By Lisa Pline
At right: Lisa Pline and Sherry Eldrige in Japan
I used to disagree with the concept of having separate Women's Snipe events....."Why do we need a separate event?" I asked. Isn't that one of the great things about the Snipe, that men and women can compete equally? My memories of women's sailing in college were mixed -some positive, but also some memories of discovering where the cat-fight stereotypes come from. And besides, what would the parties be like, quilting bees? I just wasn't all that enthused.
Then I went to the First Women's Snipe Worlds in Japan. It was the experience of a lifetime. And I learned.. I learned that women Snipe sailors were just like all Snipe sailors - great people. Great people to compete against and to party with. The camaraderie was excellent. No cat-fights to be found anywhere. And I learned. I learned that while I have always felt the ability to compete equally, not all women have had the same opportunity. One of the top teams said that they had had a hard time even getting a boat to practice in because they were women. Another told me they were generally ridiculed for wanting to sail at all, much less steer. And I learned. I learned that an international event is like no other. Not only was the event well attended (46 boats from Japan, Norway, the US, Uruguay, and France), the competition was excellent. Starting techniques vary around the world, as does boat set up, steering style, etc. I learned that pounding on the deck can be an effective substitute for English at mark roundings, too! And I learned. I learned that the Japanese have been conducting a Women's National Championship for the past 10 years. Maybe they were on to something...
Then I went to the Second Women's Worlds in Spain. And I learned that my previous experience in Japan had not been a fluke. The same great camaraderie, the same stories of bias in some countries, the same level of competition, and this time 9 countries were represented! And I learned one more thing, that having a separate women's event was a great way to promote the Snipe Class. Several of the competitors had not sailed in the Snipe before training for the Worlds. The Snipe is such a great boat to promote to women sailors. "All those lines" that some have been complaining about make the Snipe a perfect boat for women's teams because they allow for a great range of competitive crew weights and strengths. It hooted in both Japan and Spain and, even though the average crew weight was significantly lower than normal in coed events, the fleets handled themselves very well.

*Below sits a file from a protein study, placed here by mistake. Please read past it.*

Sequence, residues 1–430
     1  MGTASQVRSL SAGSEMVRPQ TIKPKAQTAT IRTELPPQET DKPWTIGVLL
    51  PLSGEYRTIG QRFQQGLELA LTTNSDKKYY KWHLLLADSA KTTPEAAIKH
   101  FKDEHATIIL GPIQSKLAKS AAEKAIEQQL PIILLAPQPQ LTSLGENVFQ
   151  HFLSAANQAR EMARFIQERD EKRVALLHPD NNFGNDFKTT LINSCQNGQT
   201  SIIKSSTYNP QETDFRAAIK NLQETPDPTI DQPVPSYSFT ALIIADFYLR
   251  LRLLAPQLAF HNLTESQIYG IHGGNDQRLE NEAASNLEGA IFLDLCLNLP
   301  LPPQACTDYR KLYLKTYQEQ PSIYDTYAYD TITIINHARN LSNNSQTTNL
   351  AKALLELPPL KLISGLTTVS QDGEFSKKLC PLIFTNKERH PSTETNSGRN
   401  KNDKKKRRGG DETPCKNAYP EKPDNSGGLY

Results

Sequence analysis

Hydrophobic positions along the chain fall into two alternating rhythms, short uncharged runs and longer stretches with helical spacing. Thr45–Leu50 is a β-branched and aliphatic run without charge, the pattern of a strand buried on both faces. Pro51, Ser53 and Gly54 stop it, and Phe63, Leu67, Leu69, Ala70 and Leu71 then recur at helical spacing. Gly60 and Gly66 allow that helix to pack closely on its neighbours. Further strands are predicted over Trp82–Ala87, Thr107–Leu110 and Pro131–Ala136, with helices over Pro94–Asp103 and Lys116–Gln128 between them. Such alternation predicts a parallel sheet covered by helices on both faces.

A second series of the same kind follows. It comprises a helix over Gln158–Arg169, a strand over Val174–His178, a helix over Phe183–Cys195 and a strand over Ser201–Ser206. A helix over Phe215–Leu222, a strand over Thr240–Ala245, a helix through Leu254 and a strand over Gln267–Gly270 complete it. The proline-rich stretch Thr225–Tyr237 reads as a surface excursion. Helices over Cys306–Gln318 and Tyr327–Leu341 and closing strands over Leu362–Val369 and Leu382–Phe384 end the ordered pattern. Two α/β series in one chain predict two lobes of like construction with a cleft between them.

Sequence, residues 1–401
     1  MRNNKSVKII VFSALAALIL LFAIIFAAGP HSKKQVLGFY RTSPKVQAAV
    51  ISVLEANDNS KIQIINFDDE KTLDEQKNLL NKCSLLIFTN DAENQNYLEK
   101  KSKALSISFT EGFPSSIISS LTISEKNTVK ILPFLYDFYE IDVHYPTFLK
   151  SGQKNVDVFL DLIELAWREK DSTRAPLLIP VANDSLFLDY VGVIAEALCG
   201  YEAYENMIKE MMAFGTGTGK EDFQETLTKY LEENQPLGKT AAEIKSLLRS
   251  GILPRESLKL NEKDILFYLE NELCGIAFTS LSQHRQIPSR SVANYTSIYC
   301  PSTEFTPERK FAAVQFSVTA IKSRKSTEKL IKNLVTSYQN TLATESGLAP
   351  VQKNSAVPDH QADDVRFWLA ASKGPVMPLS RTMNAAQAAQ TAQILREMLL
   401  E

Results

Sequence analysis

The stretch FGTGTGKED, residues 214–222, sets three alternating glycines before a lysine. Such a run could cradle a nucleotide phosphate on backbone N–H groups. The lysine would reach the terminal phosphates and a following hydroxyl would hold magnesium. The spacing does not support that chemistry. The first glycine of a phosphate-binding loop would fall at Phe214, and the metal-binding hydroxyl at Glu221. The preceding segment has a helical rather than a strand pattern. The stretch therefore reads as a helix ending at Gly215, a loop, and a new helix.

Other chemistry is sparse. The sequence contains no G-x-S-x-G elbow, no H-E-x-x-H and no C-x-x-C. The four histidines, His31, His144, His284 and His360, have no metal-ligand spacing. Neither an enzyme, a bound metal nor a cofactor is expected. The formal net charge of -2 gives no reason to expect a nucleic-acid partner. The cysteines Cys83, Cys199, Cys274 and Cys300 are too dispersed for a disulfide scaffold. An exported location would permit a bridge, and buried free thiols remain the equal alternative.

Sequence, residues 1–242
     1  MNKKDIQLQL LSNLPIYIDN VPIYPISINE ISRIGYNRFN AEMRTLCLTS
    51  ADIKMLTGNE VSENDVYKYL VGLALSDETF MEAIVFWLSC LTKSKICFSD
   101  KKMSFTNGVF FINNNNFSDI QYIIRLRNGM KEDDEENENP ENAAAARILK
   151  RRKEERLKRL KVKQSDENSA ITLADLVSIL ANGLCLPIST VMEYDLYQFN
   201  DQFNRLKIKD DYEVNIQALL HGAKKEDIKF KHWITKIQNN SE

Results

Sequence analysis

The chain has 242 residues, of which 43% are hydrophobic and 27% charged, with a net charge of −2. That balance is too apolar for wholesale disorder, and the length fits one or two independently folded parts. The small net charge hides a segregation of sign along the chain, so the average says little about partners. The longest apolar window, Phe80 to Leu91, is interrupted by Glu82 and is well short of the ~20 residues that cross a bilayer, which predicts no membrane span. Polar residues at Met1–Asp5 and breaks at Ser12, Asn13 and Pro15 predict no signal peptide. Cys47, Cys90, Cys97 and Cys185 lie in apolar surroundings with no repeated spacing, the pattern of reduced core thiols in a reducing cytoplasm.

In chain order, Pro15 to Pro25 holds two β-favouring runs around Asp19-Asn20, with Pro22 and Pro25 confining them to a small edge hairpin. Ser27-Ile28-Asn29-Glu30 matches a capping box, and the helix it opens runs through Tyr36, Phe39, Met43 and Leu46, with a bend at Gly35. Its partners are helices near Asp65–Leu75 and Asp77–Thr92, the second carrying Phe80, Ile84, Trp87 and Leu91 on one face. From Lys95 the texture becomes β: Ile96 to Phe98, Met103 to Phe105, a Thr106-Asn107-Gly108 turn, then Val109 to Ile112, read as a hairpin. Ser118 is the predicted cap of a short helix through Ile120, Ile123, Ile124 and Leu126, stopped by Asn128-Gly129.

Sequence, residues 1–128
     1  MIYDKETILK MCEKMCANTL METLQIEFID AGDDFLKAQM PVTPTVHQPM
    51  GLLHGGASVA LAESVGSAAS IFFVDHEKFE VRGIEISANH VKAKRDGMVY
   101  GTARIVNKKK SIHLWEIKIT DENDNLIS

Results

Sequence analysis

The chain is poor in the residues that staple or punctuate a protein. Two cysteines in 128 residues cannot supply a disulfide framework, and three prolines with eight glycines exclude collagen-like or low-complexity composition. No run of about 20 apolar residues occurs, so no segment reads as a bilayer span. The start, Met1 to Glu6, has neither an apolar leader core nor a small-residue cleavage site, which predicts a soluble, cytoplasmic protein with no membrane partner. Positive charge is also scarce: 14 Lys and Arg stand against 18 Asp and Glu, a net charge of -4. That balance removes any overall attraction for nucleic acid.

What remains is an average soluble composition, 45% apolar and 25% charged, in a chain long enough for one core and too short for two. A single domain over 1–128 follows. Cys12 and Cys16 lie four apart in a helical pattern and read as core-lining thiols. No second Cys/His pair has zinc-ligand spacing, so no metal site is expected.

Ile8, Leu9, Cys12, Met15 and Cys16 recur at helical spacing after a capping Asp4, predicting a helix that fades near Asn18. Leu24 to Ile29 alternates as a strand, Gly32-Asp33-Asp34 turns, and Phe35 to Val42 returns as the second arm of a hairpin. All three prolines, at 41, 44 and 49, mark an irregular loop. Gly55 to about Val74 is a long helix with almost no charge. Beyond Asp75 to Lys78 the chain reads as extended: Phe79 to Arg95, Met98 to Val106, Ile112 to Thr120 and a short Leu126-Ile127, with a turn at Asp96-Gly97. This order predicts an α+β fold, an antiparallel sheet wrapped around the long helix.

So like many new converts, I am now a zealot. Last year we held the first Women's Nationals here in the US. By all measures it was a success - it got new women into the Snipe (at least one has purchased a boat since), it got women who normally crew at the helm, and everyone who participated had a great time. Again, not a cat-fight to be found anywhere. This year not only are we in the US hosting the second US Women's Nationals the weekend before the US Nationals in Gull Lake, we are also hosting the 3rd Women's Worlds in Annapolis, MD on October 3-7. So here's my plea: If you know of any women sailors who are not already Snipers, here's a great promotional opportunity to get them into a boat. If you are a woman Sniper, PARTICIPATE! Don't fret over logistics, let apathy take over, or worry about whether you are good enough, just figure it out and COME! I promise you will become a convert, too.